Chapter 13 of the Bankruptcy Code allows debtors to propose a court-supervised debt repayment plan, while chapter 7 allows debtors to liquidate (or wipe out) their debt. Before the Bankruptcy Code was amended in 2005, people who had sufficient income to file a Chapter 13 bankruptcy could choose between that option and a chapter 7 bankruptcy. The amended law requires many debtors who can afford to repay their debt to file bankruptcy under chapter 13 rather than chapter 7. The new law created a "means test" to determine eligibility for a chapter 7 bankruptcy.
What is the means test?
If your monthly household income is less than the median household income for a family of your size in the state of your residence, you are eligible to file a chapter 7 bankruptcy. A current list of median household incomes in each state can be found on the website of the United States Trustee.
If your monthly household income is greater than the median in your state, you need to make additional calculations to determine whether you can file a chapter 7 bankruptcy. You begin by computing your "current monthly income," which is actually an average of the income you earned over the last six months. You next tally the "allowed" monthly expenses that are listed on the bankruptcy form. Your actual monthly mortgage payment is an allowed expense. Many other expenses (such as your monthly food allowance) are standardized. In other words, you must use the allowed expense that has been fixed for people in your state rather than your actual expense.
By deducting your allowed monthly expenses from your current monthly income, you arrive at your "disposable income." You multiply that by 60 to arrive at a "60 month disposable income." If your 60 month disposable income is less than a specified amount, you pass the means test and can file a chapter 7 bankruptcy. If it is greater than a different specified amount, you do not pass the means test and you cannot file under chapter 7. If your 60 month disposable income falls between those two amounts, you need to perform additional calculations to determine whether your disposable income is sufficient to allow you to pay at least 25 percent of your unsecured debt. If it is, you are limited to filing a chapter 13 bankruptcy and cannot file under chapter 7.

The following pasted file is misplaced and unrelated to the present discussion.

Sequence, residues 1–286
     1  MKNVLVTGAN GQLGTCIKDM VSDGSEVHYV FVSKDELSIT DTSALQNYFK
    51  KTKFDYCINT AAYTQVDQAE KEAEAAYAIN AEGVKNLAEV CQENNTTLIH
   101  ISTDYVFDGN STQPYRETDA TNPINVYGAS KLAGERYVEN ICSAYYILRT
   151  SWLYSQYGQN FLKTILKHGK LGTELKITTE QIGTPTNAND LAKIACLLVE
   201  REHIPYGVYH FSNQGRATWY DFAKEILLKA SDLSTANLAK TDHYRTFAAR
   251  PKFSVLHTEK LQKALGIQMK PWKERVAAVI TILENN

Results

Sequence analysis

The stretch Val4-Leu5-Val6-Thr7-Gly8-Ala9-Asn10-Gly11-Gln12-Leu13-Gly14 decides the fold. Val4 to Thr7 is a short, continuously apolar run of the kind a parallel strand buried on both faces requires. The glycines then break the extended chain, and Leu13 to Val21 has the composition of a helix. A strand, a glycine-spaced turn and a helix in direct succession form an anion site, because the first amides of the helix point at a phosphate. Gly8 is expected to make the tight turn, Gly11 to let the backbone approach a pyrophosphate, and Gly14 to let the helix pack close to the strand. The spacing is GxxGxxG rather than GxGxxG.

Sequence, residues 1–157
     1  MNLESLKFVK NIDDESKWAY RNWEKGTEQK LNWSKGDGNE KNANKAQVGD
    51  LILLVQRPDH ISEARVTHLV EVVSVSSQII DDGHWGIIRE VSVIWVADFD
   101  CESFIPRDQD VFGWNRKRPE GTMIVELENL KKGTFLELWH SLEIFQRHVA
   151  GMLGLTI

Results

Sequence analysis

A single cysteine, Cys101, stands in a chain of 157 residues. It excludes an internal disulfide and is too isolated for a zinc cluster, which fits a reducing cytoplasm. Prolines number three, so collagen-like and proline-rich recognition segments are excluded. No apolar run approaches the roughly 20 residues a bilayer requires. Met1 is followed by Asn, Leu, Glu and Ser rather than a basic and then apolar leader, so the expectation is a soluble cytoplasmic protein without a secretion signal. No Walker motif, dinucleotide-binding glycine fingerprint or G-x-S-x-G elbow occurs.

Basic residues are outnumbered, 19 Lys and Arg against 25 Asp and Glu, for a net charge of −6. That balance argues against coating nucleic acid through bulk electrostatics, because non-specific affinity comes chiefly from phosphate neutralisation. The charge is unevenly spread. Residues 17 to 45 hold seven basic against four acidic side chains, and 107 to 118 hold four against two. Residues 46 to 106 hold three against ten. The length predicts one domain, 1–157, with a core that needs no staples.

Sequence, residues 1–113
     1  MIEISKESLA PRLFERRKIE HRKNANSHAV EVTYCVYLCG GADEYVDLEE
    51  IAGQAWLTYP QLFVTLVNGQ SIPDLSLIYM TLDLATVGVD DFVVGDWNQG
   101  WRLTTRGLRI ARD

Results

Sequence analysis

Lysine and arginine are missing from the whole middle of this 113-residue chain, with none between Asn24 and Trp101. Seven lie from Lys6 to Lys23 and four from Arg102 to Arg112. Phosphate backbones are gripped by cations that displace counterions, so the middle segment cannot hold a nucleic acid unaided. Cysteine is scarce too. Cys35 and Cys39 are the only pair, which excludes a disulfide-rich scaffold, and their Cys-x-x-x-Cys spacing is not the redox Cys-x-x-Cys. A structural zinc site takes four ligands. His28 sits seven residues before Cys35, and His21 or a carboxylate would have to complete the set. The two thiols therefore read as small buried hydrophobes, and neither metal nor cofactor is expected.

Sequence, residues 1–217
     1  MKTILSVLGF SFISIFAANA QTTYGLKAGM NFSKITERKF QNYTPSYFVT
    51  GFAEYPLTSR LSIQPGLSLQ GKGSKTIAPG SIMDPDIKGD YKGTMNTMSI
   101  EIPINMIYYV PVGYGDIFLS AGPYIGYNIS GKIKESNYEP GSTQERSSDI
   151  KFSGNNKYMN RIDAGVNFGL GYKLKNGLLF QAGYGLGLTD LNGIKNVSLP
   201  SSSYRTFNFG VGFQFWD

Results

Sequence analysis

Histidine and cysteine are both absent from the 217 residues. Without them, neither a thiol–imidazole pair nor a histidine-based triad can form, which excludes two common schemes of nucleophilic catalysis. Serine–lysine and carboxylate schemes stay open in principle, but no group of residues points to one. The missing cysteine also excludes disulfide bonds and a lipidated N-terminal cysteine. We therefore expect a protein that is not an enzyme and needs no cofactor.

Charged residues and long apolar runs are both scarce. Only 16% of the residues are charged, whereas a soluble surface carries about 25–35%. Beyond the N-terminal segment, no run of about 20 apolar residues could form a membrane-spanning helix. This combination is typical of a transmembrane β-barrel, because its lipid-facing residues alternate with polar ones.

The means test does not always exclude high income debtors from filing under chapter 7. Since your actual mortgage payment is an allowable expense, high income debtors with a high mortgage payment might pass the means test.
Debtors Who Are Not Required to Take the Means Test
A few categories of debtors can file a chapter 7 bankruptcy without taking the means test. They include:
Debtors who primarily have business debts rather than consumer debts. Debts that were incurred as part of a business or with the expectation of making a profit are generally considered business debts. Consumer debts are debts that were incurred for personal or household expenses.
Disabled veterans who incurred most of their debt while on active duty.
Members of the National Guard and armed forces reserves while they were on active duty and for the next 540 days, as long as they were on active duty for at least 90 days during that time.